A U.S. drone strike Thursday killed five commanders of a powerful Pakistani Taliban faction that attacks Western forces in Afghanistan, one of the group's leaders told Reuters.
The Obama administration has stepped up drone strikes against al-Qaida and Taliban militants in Pakistan's tribal border areas in an effort to stabilize Afghanistan before the end of 2014, when all NATO combat troops are due home.
The dead commanders belonged to the Maulvi Nazir faction of Pakistan's Taliban, which carries out cross-border attacks from its strongholds in South Waziristan.
The group threatened in June to escalate attacks on U.S.-led NATO troops in Afghanistan in response to intensified drone strikes on its territory.
Four of the commanders killed by the remotely-piloted drone were identified as Hazrat Omar, Nazir's younger brother, Khan Mohammad, Miraj Wazir and Ashfaq Wazir. The group did not name the fifth.
Local intelligence officials said three Nazir commanders were killed. The reports could not be independently verified.
They are a very important group because while they are based in Pakistan they are very active in Afghanistan, said Mansur Khan Mehsud of the FATA Research Centre think tank.
If you look at drone strikes, they are one of the most heavily targeted groups.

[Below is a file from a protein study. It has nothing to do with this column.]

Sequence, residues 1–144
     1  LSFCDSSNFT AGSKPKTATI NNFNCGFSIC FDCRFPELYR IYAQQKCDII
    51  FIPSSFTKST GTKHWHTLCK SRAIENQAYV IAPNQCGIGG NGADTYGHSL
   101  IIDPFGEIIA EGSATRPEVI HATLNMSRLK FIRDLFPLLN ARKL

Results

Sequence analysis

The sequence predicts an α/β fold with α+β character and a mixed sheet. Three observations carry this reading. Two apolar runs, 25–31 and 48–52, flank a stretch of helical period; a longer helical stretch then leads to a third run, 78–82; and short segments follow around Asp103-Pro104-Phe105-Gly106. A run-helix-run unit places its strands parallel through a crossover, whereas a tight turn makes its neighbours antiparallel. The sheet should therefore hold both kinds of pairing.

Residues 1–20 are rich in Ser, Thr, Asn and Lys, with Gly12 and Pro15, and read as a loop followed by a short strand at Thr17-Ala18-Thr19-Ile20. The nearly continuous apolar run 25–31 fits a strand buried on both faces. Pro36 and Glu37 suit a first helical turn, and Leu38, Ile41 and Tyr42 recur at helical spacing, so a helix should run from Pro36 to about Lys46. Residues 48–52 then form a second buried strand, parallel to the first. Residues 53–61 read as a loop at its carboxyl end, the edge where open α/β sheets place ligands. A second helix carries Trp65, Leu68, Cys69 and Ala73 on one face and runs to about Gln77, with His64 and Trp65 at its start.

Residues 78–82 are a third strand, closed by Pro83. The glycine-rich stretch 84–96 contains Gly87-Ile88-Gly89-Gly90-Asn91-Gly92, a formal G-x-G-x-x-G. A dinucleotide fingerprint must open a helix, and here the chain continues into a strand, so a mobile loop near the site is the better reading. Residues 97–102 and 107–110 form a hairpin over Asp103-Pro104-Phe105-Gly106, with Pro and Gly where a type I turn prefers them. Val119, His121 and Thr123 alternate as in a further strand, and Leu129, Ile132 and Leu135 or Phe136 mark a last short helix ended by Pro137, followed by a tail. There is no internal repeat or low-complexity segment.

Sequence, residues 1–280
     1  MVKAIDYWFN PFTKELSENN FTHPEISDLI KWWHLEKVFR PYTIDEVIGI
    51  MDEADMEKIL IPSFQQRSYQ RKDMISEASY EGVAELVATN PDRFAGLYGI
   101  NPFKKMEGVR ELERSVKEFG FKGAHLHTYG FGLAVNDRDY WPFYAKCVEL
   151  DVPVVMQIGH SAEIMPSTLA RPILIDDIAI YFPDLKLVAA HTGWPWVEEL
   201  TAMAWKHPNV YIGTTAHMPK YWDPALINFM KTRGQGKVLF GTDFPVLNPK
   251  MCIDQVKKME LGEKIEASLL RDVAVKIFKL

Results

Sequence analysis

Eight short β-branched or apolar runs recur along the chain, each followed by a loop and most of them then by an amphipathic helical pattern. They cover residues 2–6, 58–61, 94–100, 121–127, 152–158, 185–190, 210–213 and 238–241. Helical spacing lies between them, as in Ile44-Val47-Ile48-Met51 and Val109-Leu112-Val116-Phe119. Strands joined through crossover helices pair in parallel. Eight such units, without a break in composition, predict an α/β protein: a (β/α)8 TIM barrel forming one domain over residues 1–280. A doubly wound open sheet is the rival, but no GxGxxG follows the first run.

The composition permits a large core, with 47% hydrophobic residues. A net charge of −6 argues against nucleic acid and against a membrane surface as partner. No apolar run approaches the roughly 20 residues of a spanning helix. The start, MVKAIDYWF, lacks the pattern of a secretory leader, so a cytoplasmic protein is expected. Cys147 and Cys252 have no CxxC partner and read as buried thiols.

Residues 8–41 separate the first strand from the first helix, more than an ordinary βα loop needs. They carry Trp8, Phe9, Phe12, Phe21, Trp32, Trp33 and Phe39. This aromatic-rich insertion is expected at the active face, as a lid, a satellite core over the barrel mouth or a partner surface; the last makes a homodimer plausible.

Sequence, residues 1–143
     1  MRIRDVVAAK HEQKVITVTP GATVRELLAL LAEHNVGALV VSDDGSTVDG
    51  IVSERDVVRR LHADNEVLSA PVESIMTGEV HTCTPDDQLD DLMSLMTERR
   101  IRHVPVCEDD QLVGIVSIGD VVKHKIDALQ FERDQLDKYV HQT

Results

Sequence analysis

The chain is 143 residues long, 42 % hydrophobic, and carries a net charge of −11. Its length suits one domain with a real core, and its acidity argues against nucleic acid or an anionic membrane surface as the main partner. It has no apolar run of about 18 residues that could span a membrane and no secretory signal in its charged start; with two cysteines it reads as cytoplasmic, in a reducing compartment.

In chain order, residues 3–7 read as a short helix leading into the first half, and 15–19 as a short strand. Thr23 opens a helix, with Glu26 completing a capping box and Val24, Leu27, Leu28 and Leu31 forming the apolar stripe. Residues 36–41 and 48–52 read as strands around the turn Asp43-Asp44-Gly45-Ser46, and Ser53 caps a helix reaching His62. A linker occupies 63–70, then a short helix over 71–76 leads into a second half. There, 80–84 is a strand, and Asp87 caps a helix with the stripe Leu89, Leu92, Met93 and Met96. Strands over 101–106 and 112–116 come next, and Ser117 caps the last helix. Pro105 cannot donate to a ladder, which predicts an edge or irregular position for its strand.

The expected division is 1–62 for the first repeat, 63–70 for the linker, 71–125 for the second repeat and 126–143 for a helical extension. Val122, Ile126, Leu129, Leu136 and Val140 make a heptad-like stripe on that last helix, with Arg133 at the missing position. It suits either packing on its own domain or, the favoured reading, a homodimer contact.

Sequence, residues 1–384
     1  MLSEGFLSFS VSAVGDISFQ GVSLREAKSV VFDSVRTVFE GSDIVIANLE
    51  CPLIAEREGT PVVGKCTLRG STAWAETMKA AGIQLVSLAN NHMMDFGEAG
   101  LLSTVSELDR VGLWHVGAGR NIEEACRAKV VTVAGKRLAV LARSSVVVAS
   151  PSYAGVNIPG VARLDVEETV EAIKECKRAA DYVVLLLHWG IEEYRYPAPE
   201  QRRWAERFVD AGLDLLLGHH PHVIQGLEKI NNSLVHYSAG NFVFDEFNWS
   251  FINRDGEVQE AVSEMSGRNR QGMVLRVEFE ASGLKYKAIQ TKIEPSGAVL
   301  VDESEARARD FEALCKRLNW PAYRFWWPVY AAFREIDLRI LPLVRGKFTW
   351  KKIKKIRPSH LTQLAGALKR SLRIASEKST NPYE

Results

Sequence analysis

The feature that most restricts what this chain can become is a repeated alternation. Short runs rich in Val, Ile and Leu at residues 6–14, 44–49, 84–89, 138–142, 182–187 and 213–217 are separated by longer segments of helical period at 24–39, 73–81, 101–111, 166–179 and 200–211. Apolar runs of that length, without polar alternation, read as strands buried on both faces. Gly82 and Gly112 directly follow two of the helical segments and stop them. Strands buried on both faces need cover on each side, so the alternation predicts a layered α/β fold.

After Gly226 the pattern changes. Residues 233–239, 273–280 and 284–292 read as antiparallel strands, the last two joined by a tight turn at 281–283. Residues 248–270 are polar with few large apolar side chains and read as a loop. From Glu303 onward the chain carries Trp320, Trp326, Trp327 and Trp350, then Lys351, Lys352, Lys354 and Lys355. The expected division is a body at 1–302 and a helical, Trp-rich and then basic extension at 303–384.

U.S. drones have killed high-profile al Qaeda and Taliban leaders in Pakistan's restive tribal regions, where everyone from al Qaeda to the Taliban to Arab fighters train and plan attacks.
The New America Foundation think tank estimates at least 325 militants were killed in U.S. drone strikes in Pakistan this year.
Pakistani leaders say drone strikes inflame widespread anti-American sentiment in Pakistan and play into the hands of militants.
But analysts say high-profile militants can't be spotted without help from Pakistani intelligence.
The latest attack comes nearly a week after U.S. Secretary of State Hillary Clinton visited Islamabad accompanied by high-level U.S. military and intelligence officials.
Clinton again urged Pakistan to eliminate what Washington says are safe havens along its porous border with Afghanistan.
Nazir's group of around 1,200 fighters is among the militants not opposed to the Pakistani state. Pakistan struck a deal with the faction in 2007 under which they would not harbor anti-government militants.
In exchange, the group would not be targeted by the military when offensives began against the Pakistani Taliban.
(Additional reporting by Hafiz Wazir in Wana and Saud Mehsud in Dera Ismail Khan; Writing by Qasim Nauman; Editing by Michael Georgy)